Example: electron positron annihilation forbids a single photon production, and searching through this forum (Why can't a single photon produce an electron-positron pair?) and a few books, they always reason with this by using the centre of mass frame of reference where the two incoming bodies $e^{+}$ and $e^{-}$ have equal and opposite momentum, hence due to conservation of energy and momentum the final state (photon) cannot exist since a photon with no momentum is impossible.

However considering a frame of reference - stationary - at the point of collision of an electron and a positron incoming at a 90 degree angle to each other, what forbids a single photon production?

  • 1
    $\begingroup$ Well, it is not only a convenient frame to do things in (even for classical mechanics), plus you separate out the interaction problem from the what-you-see-in-the-lab problem. (And, 0.3c is pretty relativistic). $\endgroup$ – Jon Custer Mar 21 at 17:40
  • $\begingroup$ I am not sure about this, the low end of mildly relativistic cases is b>0.3. For b<0.3 the γ is generally approximated as ~1. $\endgroup$ – Gav Chatz Mar 25 at 11:22

You can use any frame you want. If something is forbidden, it is forbdden in all frames. The math is generally easiest in the center-of-mass frame... sometimes so easy that the impossibility of a reaction is obvious. The reason why is that by choosing this frame you have already satisfied one of the conservation laws.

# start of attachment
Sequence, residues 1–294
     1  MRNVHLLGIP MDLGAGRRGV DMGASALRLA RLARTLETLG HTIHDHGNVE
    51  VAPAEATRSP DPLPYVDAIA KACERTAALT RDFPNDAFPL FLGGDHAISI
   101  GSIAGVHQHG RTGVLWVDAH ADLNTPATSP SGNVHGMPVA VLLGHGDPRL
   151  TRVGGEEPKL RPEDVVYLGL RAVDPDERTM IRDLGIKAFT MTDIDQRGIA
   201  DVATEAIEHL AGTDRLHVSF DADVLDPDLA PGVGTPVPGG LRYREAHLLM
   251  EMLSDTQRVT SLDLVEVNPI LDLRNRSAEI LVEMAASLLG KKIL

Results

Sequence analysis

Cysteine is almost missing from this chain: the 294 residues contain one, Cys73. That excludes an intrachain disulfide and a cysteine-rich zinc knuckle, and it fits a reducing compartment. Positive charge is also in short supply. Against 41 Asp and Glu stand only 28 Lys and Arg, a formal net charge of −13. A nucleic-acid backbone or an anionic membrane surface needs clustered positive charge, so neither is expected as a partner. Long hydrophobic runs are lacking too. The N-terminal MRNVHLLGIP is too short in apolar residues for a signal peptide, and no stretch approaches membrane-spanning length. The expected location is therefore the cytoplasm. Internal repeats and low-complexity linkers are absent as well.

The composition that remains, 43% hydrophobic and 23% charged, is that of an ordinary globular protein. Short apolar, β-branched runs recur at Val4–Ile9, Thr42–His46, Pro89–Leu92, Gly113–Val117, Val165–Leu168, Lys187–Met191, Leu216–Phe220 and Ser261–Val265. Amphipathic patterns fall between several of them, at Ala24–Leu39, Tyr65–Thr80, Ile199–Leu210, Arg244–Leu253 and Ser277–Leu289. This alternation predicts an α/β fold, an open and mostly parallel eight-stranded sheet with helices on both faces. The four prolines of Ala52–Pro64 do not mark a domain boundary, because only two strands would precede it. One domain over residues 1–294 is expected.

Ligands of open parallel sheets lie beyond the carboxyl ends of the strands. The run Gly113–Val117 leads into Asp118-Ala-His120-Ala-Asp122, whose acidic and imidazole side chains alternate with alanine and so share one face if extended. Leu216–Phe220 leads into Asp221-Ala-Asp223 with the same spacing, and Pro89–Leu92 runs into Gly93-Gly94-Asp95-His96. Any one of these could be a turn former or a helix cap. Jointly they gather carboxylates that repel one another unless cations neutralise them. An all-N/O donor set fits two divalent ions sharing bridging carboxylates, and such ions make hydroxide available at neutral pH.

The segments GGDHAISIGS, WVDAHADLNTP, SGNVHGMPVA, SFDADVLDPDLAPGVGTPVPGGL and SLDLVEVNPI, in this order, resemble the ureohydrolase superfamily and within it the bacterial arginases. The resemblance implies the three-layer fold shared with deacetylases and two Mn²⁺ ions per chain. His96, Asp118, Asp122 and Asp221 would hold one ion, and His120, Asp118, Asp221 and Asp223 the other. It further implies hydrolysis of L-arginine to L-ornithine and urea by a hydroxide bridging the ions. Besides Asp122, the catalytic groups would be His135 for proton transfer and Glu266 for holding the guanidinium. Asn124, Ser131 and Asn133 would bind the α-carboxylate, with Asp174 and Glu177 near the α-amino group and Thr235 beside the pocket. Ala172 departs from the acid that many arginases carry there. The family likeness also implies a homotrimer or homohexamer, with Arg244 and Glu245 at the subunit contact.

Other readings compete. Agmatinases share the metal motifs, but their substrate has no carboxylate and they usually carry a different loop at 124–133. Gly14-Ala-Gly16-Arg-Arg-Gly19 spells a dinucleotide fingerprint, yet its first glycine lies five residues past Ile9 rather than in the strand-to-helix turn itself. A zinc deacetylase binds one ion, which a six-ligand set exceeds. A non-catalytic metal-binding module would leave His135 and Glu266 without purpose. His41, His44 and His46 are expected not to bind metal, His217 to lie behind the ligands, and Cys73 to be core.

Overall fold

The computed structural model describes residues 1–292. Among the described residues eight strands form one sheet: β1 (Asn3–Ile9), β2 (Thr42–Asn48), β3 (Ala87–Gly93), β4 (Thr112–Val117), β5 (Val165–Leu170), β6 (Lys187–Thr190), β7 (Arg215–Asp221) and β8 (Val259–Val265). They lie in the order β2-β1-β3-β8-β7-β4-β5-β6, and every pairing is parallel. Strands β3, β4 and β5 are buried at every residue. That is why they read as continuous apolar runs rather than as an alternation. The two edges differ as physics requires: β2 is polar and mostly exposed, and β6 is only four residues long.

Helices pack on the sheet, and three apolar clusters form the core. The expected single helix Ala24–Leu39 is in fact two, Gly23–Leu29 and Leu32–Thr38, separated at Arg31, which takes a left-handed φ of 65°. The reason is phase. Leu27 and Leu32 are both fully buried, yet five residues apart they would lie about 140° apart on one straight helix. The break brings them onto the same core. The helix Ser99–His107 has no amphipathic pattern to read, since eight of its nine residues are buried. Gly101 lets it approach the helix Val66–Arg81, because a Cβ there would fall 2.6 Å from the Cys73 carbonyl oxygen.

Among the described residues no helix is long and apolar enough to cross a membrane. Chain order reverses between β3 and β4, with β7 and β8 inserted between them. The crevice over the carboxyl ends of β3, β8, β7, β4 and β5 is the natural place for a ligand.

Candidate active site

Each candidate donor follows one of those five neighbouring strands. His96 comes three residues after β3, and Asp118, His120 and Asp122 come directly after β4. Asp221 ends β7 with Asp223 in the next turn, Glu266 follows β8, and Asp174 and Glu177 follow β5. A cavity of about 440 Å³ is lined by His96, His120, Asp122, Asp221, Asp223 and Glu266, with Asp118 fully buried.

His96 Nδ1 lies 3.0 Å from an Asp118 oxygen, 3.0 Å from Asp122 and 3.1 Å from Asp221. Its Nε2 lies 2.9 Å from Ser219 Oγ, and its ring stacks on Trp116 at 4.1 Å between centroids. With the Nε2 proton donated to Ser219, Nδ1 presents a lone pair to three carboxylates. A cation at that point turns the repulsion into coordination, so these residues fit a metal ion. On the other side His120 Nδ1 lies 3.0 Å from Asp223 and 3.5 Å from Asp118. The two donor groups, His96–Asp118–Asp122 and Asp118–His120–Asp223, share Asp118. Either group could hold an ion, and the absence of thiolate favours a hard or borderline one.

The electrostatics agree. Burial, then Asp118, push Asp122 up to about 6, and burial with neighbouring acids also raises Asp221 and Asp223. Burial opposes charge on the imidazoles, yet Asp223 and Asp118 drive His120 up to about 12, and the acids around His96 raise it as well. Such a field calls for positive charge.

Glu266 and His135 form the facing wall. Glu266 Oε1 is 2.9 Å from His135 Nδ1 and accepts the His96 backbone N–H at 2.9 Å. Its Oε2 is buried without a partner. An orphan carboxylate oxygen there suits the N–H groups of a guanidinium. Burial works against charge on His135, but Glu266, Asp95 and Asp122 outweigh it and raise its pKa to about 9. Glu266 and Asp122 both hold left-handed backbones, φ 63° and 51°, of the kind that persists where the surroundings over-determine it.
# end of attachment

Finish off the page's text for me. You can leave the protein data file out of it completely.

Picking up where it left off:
• $\begingroup$ Thank you for the reply, however in the case of a stationary reference frame at the collision point i dont see something forbidding a single photon generation from the annihilation. The basis of this rule (no single photon) is supported in literature for just the COM reference frame. So how is " If something is forbidden, it is forbidden in all frames" supported in that case? is there something i am missing ? $\endgroup$ – Gav Chatz Mar 25 at 11:30
  • $\begingroup$ I’m sorry, but I can’t figure out what is confusing you. Let me try again. If one photon is produced, then observers in all reference frames see one photon. This includes the COM frame, where the obsever would see that single photon at rest. A photon at rest is impossible, so this scenario cannot happen. $\endgroup$ – G. Smith Mar 25 at 15:46
  • $\begingroup$ Then you could say that when physicists look at any given case they firstly investigate from the COM frame to establish some rules. So it is not that it is just mathematically convenient, nor that i could use any frame i would want. Is that correct? and if yes, where would i look to establish this from literature. not just examples but the piece of theory that proves the COM frame of reference as the "rule-maker". The question remains the same as in the title of the post. $\endgroup$ – Gav Chatz Mar 26 at 17:18
  • $\begingroup$ I think you are looking at this completely wrong. No frame is the “rule-maker”. You can pick any frame you want. Physicists tend to pick the COM frame for mathematical convenience, because conservation of momentum is satisfied there. I’m going to stop further explanation because I am simply saying the same thing over and over. $\endgroup$ – G. Smith Mar 26 at 17:34

Your Answer

By clicking “Post Your Answer”, you agree to our terms of service, privacy policy and cookie policy

Not the answer you're looking for? Browse other questions tagged or ask your own question.